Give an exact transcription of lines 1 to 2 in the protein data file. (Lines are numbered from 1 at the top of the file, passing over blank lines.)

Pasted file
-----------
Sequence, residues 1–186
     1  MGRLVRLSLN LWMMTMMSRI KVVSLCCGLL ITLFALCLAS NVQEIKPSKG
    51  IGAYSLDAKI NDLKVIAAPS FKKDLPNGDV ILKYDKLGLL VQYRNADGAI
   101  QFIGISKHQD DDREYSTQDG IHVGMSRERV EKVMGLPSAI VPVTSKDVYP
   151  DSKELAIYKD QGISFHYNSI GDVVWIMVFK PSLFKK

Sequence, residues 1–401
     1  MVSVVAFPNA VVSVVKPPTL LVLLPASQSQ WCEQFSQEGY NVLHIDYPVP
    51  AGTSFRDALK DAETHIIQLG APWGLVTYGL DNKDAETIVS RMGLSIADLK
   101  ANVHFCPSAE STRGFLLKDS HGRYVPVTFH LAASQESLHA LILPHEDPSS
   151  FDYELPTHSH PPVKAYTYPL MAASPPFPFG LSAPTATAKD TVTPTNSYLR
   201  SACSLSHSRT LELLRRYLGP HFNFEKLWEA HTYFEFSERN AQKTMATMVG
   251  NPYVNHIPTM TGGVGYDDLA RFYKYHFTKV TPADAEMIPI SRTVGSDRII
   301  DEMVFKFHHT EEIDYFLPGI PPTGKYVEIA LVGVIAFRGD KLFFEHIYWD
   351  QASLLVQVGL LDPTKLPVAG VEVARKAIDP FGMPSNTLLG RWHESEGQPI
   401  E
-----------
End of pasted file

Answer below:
Sequence, residues 1–186
     1  MGRLVRLSLN LWMMTMMSRI KVVSLCCGLL ITLFALCLAS NVQEIKPSKG